ELLIS news items

Ellis Patents Urges Cleat Test Caution

Leading cable cleat manufacturer, Ellis Patents has issued a stark warning that incorrect interpretation of short-circuit test reports is leading to inappropriate cleats being inadvertently specified and installed – a situation that is putting vital electrical installations and lives at unnecessary risk.  

The issue, according to the company’s managing director, Richard Shaw is that the headline figure reported on third party test reports is frequently, and mistakenly, taken to mean that the products tested deliver the same level of short-circuit withstand irrespective of the installation.  

“You cannot say that a specific cable cleat has a short-circuit withstand of 150kA without qualifying the statement,” said Richard. “For example, you’d need to say that the cleat has a short-circuit withstand of 150kA when securing 43mm cable in trefoil at 300mm centres.”

Shaw highlights a recent report that showed a product withstanding a peak short-circuit of 138kA, but that on full reading it became clear that the test rig was set up with four trefoil circuits in parallel and that, under these circumstances, whilst the overall fault level was 138kA, each of the four trefoil groups only saw a quarter of the fault, equivalent to 34.5kA.  

“It’s easy to see how this report could have been misinterpreted and the product taken to be much stronger than it really was,” he said.

“This example is just one of many, but it clearly highlights the need for third party test reports to be carefully analysed. Of course the onus is on the specifier or contractor to do this, but as a leading manufacturer we are more than happy to offer advice.”  

In order to correctly interpret a report, Shaw suggests that those with specification responsibility should firstly ask two simple questions. Firstly, is the product tested the same as the product being offered? And secondly, is the test installation similar to the project installation? For example, a test of three single conductor cables in parallel secured with single cable cleats cannot be compared with a trefoil installation secured with trefoil cleats.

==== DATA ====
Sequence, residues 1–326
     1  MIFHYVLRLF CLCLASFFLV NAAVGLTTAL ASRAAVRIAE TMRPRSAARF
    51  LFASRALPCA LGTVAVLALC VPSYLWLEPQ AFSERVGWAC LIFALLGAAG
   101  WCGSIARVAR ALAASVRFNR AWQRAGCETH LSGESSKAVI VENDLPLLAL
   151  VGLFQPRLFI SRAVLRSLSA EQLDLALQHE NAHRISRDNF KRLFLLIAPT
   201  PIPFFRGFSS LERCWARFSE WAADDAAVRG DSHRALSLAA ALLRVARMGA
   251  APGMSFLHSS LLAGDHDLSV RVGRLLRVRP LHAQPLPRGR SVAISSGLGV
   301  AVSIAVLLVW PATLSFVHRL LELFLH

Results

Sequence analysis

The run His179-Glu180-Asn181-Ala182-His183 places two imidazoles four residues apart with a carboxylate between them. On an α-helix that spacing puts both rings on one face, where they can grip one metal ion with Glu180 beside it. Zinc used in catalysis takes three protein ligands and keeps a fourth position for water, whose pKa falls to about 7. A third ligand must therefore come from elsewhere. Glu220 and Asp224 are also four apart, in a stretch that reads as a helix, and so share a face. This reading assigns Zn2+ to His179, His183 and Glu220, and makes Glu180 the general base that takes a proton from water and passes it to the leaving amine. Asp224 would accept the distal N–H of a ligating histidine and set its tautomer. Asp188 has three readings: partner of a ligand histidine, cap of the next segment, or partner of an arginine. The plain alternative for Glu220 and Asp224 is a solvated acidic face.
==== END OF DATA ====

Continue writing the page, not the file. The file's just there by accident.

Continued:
He goes on to say that there is only one safe way to interpret a report and that is by calculating the forces experienced by the cleat during the test and comparing it with the anticipated force the nominated cleat would see in the proposed installation.”  

“The moral of the story is clear – don’t judge a short circuit test report by its cover,” he adds. “Instead, make absolutely certain that the cleat you’re specifying is suitable for the specific installation and if that means asking for project specific testing then so be it.”  

Ellis Patents prides itself on the extensive third party testing it puts all of its products through prior to taking them to market and the fact that they will always agree to project specific testing to secure an order.

Ellis Patents

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